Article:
Inner Work With MaryAnn Walker: Life Coach for Empaths, Highly Sensitive People & People Pleasers

When Someone Calls You Selfish

February 15, 2024 MaryAnn Walker Episode 82
Inner Work With MaryAnn Walker: Life Coach for Empaths, Highly Sensitive People & People Pleasers
When Someone Calls You Selfish
Show Notes Transcript


In today's episode, we're diving into a topic that hits close to home for many of us: the fear of being seen as selfish. It's a struggle we've all faced, especially those of us who genuinely enjoy lending a helping hand. Let's break it down together:

Understanding "Selfishness":   Being selfish means not considering others' needs. Interestingly,  it's those who are most considerate of others who often worry the most about being selfish.

Imagining Judgment: Saying "no" might lead to judgment. But here's the thing: how others perceive us isn't entirely in our control. Their thoughts and actions are about them, not us.

Self-Assessment Tips: Take a moment to reflect on a recent situation, think about the emotions driving your actions, and remember that other people's opinions aren't the whole story.

Spotting Unbalanced Relationships: Using Anna and Sarah's story, we talk about how accusations of selfishness often reveal more about the accuser than the accused. By journaling about our actions and theirs, we can uncover any imbalances in our relationships.

Empowerment Through Boundaries: Setting boundaries isn't selfish; it's essential for healthy relationships. Let's flip the script from feeling guilty to feeling empowered.

Just a reminder: we're only responsible for our own actions. If you found this episode helpful or if you want suppor around learning how to say no, click the link to message me. I'm happy to coach you through it.  


https://linktr.ee/maryannwalker.life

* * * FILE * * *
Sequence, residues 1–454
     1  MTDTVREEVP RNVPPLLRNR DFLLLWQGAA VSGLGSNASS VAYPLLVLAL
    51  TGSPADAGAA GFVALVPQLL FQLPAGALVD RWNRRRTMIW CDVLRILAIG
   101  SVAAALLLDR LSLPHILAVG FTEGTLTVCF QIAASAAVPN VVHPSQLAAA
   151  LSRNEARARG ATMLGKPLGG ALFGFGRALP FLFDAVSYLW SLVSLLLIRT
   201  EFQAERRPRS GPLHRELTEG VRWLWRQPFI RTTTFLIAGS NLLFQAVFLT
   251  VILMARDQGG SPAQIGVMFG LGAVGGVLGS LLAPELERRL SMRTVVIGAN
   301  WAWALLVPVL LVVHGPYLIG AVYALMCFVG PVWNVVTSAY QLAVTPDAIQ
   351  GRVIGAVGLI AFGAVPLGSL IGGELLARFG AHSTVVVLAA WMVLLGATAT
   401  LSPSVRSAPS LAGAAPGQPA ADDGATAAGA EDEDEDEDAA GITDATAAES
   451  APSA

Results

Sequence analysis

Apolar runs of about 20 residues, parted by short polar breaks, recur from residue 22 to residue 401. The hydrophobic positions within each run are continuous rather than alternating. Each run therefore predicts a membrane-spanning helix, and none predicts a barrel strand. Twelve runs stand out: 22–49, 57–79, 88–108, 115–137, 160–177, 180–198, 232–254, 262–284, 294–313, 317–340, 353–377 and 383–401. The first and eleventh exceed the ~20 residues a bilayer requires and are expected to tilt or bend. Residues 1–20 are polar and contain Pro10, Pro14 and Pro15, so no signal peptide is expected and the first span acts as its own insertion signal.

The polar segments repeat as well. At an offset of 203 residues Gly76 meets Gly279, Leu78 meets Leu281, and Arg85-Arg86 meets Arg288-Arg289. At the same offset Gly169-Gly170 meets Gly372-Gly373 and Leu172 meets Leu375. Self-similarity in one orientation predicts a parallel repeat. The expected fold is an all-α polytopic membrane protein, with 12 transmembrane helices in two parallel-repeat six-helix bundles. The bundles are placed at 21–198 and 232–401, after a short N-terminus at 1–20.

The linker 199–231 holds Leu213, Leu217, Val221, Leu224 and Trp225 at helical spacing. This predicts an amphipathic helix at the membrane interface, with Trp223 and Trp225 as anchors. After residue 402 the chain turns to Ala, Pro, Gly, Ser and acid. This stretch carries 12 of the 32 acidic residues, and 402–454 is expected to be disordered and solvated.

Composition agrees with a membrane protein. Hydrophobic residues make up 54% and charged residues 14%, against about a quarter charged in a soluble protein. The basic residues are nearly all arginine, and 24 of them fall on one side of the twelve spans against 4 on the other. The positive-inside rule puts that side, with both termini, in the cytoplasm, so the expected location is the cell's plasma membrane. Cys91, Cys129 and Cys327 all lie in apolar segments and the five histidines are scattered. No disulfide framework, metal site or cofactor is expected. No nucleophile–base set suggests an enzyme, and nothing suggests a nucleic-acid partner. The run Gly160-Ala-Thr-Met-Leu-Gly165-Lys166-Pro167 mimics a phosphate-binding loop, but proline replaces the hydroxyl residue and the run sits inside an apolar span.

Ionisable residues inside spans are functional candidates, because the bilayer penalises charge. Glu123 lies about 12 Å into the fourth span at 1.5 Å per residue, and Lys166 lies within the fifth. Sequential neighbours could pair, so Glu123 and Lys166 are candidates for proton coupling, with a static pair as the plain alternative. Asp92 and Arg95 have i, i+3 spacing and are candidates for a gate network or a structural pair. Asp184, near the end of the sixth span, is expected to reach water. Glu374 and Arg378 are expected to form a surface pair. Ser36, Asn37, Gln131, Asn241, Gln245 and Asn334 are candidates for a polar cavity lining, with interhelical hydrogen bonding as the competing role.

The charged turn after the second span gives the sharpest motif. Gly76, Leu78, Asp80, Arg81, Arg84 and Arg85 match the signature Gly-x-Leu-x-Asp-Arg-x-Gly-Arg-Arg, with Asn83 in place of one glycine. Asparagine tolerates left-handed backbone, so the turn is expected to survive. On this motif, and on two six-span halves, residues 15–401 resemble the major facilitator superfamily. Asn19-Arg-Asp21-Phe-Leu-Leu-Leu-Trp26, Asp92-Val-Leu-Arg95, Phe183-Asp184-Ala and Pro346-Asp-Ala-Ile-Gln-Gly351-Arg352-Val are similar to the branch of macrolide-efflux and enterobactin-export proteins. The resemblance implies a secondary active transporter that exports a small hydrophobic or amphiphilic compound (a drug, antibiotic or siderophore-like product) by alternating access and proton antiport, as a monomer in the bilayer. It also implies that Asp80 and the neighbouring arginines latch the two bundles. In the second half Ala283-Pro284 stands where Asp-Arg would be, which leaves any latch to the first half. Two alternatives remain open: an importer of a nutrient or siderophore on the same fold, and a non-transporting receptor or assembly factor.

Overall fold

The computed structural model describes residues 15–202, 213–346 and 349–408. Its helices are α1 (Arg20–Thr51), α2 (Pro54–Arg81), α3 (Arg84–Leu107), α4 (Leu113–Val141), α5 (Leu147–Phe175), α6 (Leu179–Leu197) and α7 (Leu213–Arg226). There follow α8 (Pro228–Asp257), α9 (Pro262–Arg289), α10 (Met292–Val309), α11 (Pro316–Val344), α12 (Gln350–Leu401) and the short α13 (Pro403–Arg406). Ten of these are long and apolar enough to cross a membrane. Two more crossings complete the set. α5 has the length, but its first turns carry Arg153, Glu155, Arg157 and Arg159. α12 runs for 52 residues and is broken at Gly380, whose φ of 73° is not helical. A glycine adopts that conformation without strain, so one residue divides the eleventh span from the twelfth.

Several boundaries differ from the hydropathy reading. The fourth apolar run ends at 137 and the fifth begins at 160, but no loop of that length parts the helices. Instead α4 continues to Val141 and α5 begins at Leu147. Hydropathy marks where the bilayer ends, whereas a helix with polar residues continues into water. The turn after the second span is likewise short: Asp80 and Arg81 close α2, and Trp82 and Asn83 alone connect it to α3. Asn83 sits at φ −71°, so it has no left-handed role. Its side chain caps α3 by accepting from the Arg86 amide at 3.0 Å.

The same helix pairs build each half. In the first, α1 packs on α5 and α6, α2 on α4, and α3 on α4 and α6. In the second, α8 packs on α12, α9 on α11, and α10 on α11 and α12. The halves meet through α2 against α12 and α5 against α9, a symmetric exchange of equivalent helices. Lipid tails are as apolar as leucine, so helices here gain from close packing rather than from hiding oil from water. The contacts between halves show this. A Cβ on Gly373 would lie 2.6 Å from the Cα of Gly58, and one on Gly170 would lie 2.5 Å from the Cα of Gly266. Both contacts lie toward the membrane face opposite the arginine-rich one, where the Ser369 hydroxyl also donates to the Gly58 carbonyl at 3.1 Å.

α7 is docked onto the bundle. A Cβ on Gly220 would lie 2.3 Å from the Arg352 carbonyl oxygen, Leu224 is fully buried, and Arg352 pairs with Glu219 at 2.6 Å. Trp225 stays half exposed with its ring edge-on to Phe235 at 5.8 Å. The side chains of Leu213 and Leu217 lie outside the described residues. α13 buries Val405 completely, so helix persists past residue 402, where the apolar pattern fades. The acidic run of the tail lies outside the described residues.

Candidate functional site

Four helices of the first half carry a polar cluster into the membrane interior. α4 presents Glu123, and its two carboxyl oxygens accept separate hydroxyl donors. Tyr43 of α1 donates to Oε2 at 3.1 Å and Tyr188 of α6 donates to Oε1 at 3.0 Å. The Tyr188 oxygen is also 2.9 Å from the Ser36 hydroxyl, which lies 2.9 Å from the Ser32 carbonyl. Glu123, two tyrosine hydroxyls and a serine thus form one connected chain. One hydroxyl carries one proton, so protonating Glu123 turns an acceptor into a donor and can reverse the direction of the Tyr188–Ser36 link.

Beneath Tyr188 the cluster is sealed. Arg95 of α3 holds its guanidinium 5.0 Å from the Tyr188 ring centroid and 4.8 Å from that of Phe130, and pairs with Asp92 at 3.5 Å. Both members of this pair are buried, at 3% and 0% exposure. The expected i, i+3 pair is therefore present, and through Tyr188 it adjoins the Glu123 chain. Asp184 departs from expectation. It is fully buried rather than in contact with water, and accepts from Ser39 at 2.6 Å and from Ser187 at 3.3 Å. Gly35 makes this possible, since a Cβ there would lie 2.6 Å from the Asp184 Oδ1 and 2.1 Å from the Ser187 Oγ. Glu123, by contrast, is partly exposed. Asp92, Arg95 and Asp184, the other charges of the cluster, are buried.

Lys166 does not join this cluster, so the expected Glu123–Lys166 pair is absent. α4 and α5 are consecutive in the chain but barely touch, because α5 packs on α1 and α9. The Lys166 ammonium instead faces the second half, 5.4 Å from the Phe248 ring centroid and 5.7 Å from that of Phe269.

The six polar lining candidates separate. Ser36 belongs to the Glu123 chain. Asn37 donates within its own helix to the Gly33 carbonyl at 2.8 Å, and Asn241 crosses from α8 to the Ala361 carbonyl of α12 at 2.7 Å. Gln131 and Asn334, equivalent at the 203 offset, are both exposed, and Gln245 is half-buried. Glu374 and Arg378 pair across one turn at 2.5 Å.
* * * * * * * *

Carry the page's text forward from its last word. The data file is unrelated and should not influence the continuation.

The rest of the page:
Well, hello and welcome back. So today we're going to be talking about what happens when somebody calls you selfish. Now, as you know, I work with the helpers, the healers and the people pleasers, and this is honestly one of their greatest concerns is, but what if somebody thinks I'm being selfish? So first let's kind of explore. What does it even mean to be selfish now, when I ask someone in a coaching session, what does it mean to be selfish more often than not? They're going to say something like, oh, well it's placing your needs above somebody. Else's. And that's really kind of an interesting definition. I think a lot of us use that definition, especially those of us that are people pleasers or recovering people pleasers. Because if the definition is placing your own needs above somebody else's, then this would essentially mean that it would always be considered selfish to meet your own needs. If anyone around you, how to competing Nate, no matter how great, no matter how small. That you would be selfish if you prioritize to self, even if that meant negative consequences for you. So one of the main ideas that I coach on around this idea of being perceived as selfish. Is that your needs are at least as valid as the next persons. It is. Okay. To have your needs met and it's not only okay, but it's actually imperative. That you work to have your own needs met. If you actually desire to have your relationships be long lasting and sustainable for you. So thinking that in order to not be perceived as selfish means that you should never place your needs first is not a very good idea. So now let's kind of turn to the good old dictionary to see what a better definition of selfish might be. Now the dictionary defines being selfish as a lack of consideration for others. Now again, I work with the helpers, the healers and the people pleasers, and it is so interesting. That this really is such a great and significant concern for this population because going off of this definition, That it's having a lack of consideration for others. Then this population actually in my mind, contains the least selfish people that I know. Because they're highly sensitive to other people's wants and desires. They're highly attuned to what their needs are and because they're so highly attuned to what other people might be needing, it is really hard for them to not be considered. So they're actually working really hard to be considered of others while also maintaining self. And it's kind of this balancing act there. So being selfish is not actually a problem at all for this population. So, let me just get that out of the way. If you're wondering if you were the one who might be selfish in this relationship, if you're the one, having those questions and wondering isn't me. Is it me? Am I being selfish? You're probably not the one who's being selfish. Selfish people. They never even consider the idea that they're being selfish because honestly they feel entitled to whatever it is that they are seeking. They don't even ever question if it's being selfish. So, no, you're probably not being selfish. Even if someone calls you selfish. So imagine for a moment, a situation where someone has asked you for your help or your support. And for whatever reason, you were unable to help. So maybe you were unable to help due to time constraints or your own mental load or your energy level or whatever it is, but you, the one who usually jumps in first to go and help other people and you actually tell everybody else. Yes. You have to actually say no to somebody that you usually say yes to. And maybe when you do that for the first time, maybe they do call you selfish. And they might not use those exact words, but the sentiment is still there. So, for example, they might say, oh, I see who comes first in your world and it's not others. I see where I stand on your list of priorities. I guess you only give to get gain fine. You do. You usually do. Oh, and here, I thought we were in this together, but clearly we are not, or they even might just say, oh, I see how it is. Now if you are a recovering people, pleaser like me, those comments sting, they really hurt deeply. At our natural tendency is to want to change our plans, to accommodate the one who is saying those hurtful things. And of course you get to look at each situation as it arises. So maybe they really are in overwhelm and maybe they really do have a significant need right now. And you choose that, you know what? This is important to them. It's important to me and I do want to prioritize them for this event. So if you do, that's great. That is very kind of, you. And also, if you are constantly being told in this relationship that you are being selfish, maybe step back and assess the whole relationship and know that just because someone might be having a hard time with your lack of availability. it's still does not mean that you are being selfish. So asking yourself some questions rather than taking their comments at face value can be really helpful. So for example, are they making their lack of planning and procrastination your problem? If so they might actually be more upset with themselves and they're just taking it out on you. Or are there other people that could possibly help to fill the need? Is it something that needs to be addressed now? Or is it something that can wait until later? Just start asking yourself a lot of questions and that can help to alleviate a lot of that guilt and that shame. If somebody is accusing you as being selfish. Now when someone is highly attuned to other people's emotional states, like those that listened to this podcast, it is really easy to fall into that people pleasing trap. Of self-sacrifice. It is so hard to be told things that really go against your nature. Right. To be told that we're the ones being selfish and it is so hard to see someone else upset when we have to say no. And oftentimes, because we're so uncomfortable with their upset. We do cave in, we do tend to placate others because we just don't want to see them upset. It breaks our heart to see someone having a hard time. And while this can work out for a little while when it becomes a pattern in relationship, that is when we find ourselves experiencing compassion, fatigue, and burnout. And that does not create a balanced, sustainable relationship. Now, as I said earlier, there might be situations where it really is an emergency and you might choose to help out. I am not by any stretch. Of the imagination suggesting that you just need to say no to anybody who makes a last minute request, but look for, and notice any patterns of behavior. So that you can act accordingly. Notice if there is a significant imbalance when it comes to the giving and the receiving in that particular relationship, not just insignificant times of trial, right? We might make exceptions for those things, but notice, what does it look like in the day to day life and notice if you're starting to experience the burnout and resentment towards those that you're trying to serve and approve your lack of selfishness to. Notice, if it seems like there's maybe like a silent competition happening around whose needs are greater than someone else's, if they're trying to diminish what it is that you are prioritizing at that time, just notice that right. If they're making it a competition in order to prove that no, I need you more than you need. You. Just notice it and then work to see the situation a bit more clearly. Now, let me tell you about Anna and Sarah. Anna and her friend, Sarah had been close friends for years. And Anna has always been supportive and loving and generous and offering help and kindness without expecting anything in return. However lately Anna has been really going through some hard things. She's experiencing a really challenging time and she could really use some support from her friend. So one day, Anna opened up to Sarah about her struggles and expressed a desire for more emotional support. And instead of offering comfort, then Sarah actually reacted negatively to Anna's request. And she said, oh, I see how it is. You're just giving to get something in return. That's how you are. You're not really a true friend. Now in reality, Anna was simply reaching out during a difficult period of life. And she was seeking the reciprocity that she believed was a natural part of their friendship. Unfortunately, Sarah misinterpreted Anna's request for support as opportunistic behavior that she's taking advantage of her in some way, which absolutely undermined the genuine connection that they had once shared. Now if Anna is a people pleaser, her tendency will be to apologize and then shut down. Right. That's what we're going to tend to do is, oh, sorry. I'm so sorry. You're right. I am being selfish and then we're going to shut down. We're not going to be expressing needs in the future. She might even try to make amends to this friend by doing even more for Sarah, which is actually going to result in even more imbalance in the relationship. But now Ann is in a place where she is becoming more aware that this is in fact, a pattern in this particular relationship. And she's noticing not only Sarah's patterns, but also her own patterns. And just to bring even more clarity she has started journaling on the situation. And so after they have an exchange, then Anna is going home and journaling on it to just see if she can deepen her own awareness and her own level of clarity around this particular relationship. She's journaling on the requests that she has fulfilled for Sarah, as well as the requests that Sarah has fulfilled for her. she'll journal on how do I respond when Sarah tells me no. And how does Sarah respond when I tell her no. And this is not as a means of score-keeping, but in an effort to just see things a bit more clearly. When she's being accused of being selfish. And as she does that, she starts to feel a bit more secure in her own motives and her own intentions. She knows her heart. She knows that her heart has been in the right place. And she knows that, you know what, for the most part, I am in a better position to show up. And love and support for Sarah. Then Sarah is to show up for me. But guess what it is still. Okay. For Anna to make requests, to have her need met. It's a hundred percent. Okay. To ask for reciprocation. And Sarah's inability to reciprocate. It does not mean the Ana is being selfish. Now, furthermore, while Sarah was accusing Anna of being selfish, who was actually the one withholding and unwilling to offer love, support and reciprocation. It's just an interesting thing to notice when something might be true or when something might be a projection and it is about the other person. Now it can be so crazy making to be in relationship with someone who is unable to articulate a no, I can't help you with that when they're unable to an offer their help and support. But instead of actually saying no and taking ownership of what's going on for them, when they say, oh, no, you must be selfish because you're asking me to do something. When you have no idea what's going on in my life. And you're making me say no to something, and that makes. Me feel uncomfortable. So instead, I'm going to tell you that you're being selfish. Right. So when that happens, it can be a little bit disorienting, a little bit crazy-making and it's easy to believe their impassioned reaction when they just blurt out that you're being selfish. But remember that just because somebody is saying that you're selfish, it doesn't make it true. So just recognize that. Yeah. When somebody calls me selfish, these are my tendencies, especially if you're a giver, if you're a helper, you're a people pleaser. Of course. When somebody tells you that you're being selfish, of course, you're going to want to take ownership of the imbalance in relationship and work hard to fix it. And you know what? This is honestly why I'm such a huge fan of journaling. Because when somebody is having a huge, emotional reaction, it's harder for us to see those patterns. Now I coach a lot of people who are either currently in imbalanced relationships or they have just left imbalanced relationships and they're still kind of recovering and still kind of in the aftermath from that. And many of them ask me. Okay, well, I've been journaling on this a lot and I'm wondering if I should just get rid of the journals because I find myself ruminating on it. And I tell him, you know, what you can, if you want to. However, if you are still working to heal from this relationship, if you're still working to see things, clearly, if you still are confused as to what happened and what is going on. I find those journals to be very helpful and very supportive because they can help you to see things a bit more clearly. And it really can be very beneficial to look back over those journals, to look for those patterns of behavior, to see how long those imbalances have been there. What things you've tried to see, how often you've tried to see if there's a chance of change, it can bring so much clarity around those relationships. And it will help you to see not only your actions more clearly, but also their actions more clearly. What happens when you make a request? What happens when they make a request? Give yourself all that information and work to see things more clearly. So yes. Keep writing, write it all down, And see what clarity can be gained through that writing expression. maybe they are in fact showing up more often than you think. But as I said, it's hard to see things out of that one particular heated situation when emotions are heightened, it can make it harder to see those things. So journal on it so you can see, okay. Guess what? Like for the most part, yes. They're showing up for me or to see. Okay. Well, yes, for the most part I'm showing up for them and they're not showing up for me. But work to just see those things more clearly, it can just help you to see the imbalances more clearly and help you to let go of any guilt over another person's projection that you are showing up. Selfishly. So to help you with this, I want to share with you three tips to help you to self assess when you're worried that you were the one who's being selfish. So tip number one, reflect. Reflect on the current situation and what is going on there and reflect on your other exchanges with this person as a whole. Was this an off time for either of you? Was this just something in the heat of the moment, or is this a pattern of behavior kind of zoom out a little bit and see what kind of clarity you can find through that reflection. And it might also be helpful to reflect on recent situations where you felt the need to express your desires or maybe. Uh, boundary, right? So you're there making a request or you're stating a boundary that I'm sorry, I can't fulfill a request, but just kind of notice what happens when I say no. And what happens when they say no? And what happens? Describe the scenario and also describe kind of your feelings about it. And remember that a selfish person is someone who lacks consideration for others. So ask yourself that question. Was I being considerate about their situation? Because oftentimes when I think of consideration, it means, well, I need to be considerate and fulfill their request, but true consideration is more about honoring their experience whether or not we can help them. So, for example, you might say something like, I wish I could help you right now, but I actually have prayer commitments that I can't rearrange, but I am more than happy to help you to brainstorm alternatives or find somebody else who can help right now. Or maybe you might say, you know what, I'm unable to provide the help that you're looking for right now, but I really do value our relationship. And I want to make sure that you get the help and the support that you need. So can we explore some options together? Or maybe he might say, Hey, I won't be available until later today, but I will do my best to prioritize your request when I am free. In the meantime, is there somebody else who might be able to let the hand a little bit sooner than me? Now these comments, they both shall support for the one that you're in relationship with while acknowledging their request. And it also honors your time and energy. All right. Number two, consider your motives. Just kind of check in with self, doing that self assessment, regardless of whatever is that they're saying check in with you. Why are you saying no? Are you saying no, because you're feeling burned out. You're unavailable. You have other obligations you need to rest, or are you saying no, because you just want to stick it to them and let them know how much more important you are than they are. How you were feeling when you say no. Can give you a lot of information. And again, my assumption is that if you're listening to this podcast and if saying no is hard for you, you're probably not being selfish. You're probably being very considerate of the other person and really, truly wish that you could help. But you're just unavailable and had to say no, and they're experiencing some feelings around it. Now, oftentimes with this population saying no really is like the hardest thing ever. So that means that you're probably someone who regularly does accommodate others and really wants to show up and love and support whenever you can. So you might hear you are not being selfish. Even if that other person is saying otherwise, All right. Number three. Remember the other people's thoughts and opinions are about them. They're not about you. You are the only one that knows your heart and your energy level and your prior commitments and your current needs. You are the only one that knows those things. And I get it. It can be really hard. When someone is upset with you, or if they're implying that you're being selfish, especially when it is someone that you have invested so much love and time and energy into. That can really hurt. So here are some thoughts to help you to shift your energy around that, to remind you of your own heart and your own intent. Okay. Here we go. Okay. I am someone that loves and serves as I am able. And I love that about me. I know my heart and I no longer allow others' comments to negatively impact me. I am the only one that knows my energy level, my time constraints and my situation. I am the only one that knows what I can and cannot take on right now. Honoring my needs is not selfish. It contributes positively to my relationships as well as to my overall happiness. I choose to prioritize my own needs without guilt, knowing that it actually makes me more resilient and empowered and helps me to show up better in relationship. And I have saved my favorite thought for last. My favorite one is my wants and wishes are at least as valid as theirs. And I'm going to read that one again, because it is a big one. So yes, there are times where one person's need might be more pressing than the others. And in general, your wants wishes and desires are at least as valid as the next persons. And it's okay to seek out relationships that feel balanced and reciprocal. I've said it multiple times on this podcast, but I'm saying it again. I think it is pretty safe to say that if you are listening to this podcast, you are not being selfish. It is okay to ask to have your needs met. And it is okay to say no when you're unable to fulfill somebody's request. And that does not mean you're being selfish. It's really interesting that it's those who constantly love and serve and support that they're often the most afraid of being seen as selfish when really the struggle lies in the concern for others, perceptions of our selfishness. And just because they might think that you're being selfish when you tell them, no, it doesn't mean that you are, and as a side note, there may be people in your life that won't like it. When you tell them no. And they might even heavily imply that you are acting selfishly. And sometimes this is done because they are emotionally immature and they actually don't know how to handle it when somebody tells them no. And other times it might be said in an attempt to manipulate you into either not asking for a separate station or into giving even more into the relationship than you're currently able, but only you get to decide that and it really zooming out and taking time to yeah. Become the observer of behavior and look for those patterns and see what comes up for. You can give you that information to let you know, how do I want to navigate this relationship and what is coming up for me? Now, when you find yourself wondering if you were the one manipulating things self-reflect. Look at your own motives, look at how you have traditionally shown up. And recognize the subjective nature of other people's opinions of us, especially if they're feeling overwhelmed themselves. And remember the asserting your own needs. It is not a selfish act. But it is actually a necessary step towards creating sustainable relationships. This means that if you value the relationship, it is actually vital to create balance and honor your own needs. So to all of the empathetic hearts tuning in, remember that your needs are valid. Your heart is known only to you. And choosing self prioritization is a step towards a more balanced and fulfilling life. Now as always, if this resonates with you and you would like more support come and work with me, I would love to work with you. I'm currently offering six week packages, and I think that you will be amazed at how much we can accomplish in six weeks together. And if you have enjoyed this episode, please leave me a review or share it with a friend. It really does help me to share this message with others and support them on their individual journeys. So I hope you have a great week. You beautiful, selfless souls and let's talk soon. All right, bye now.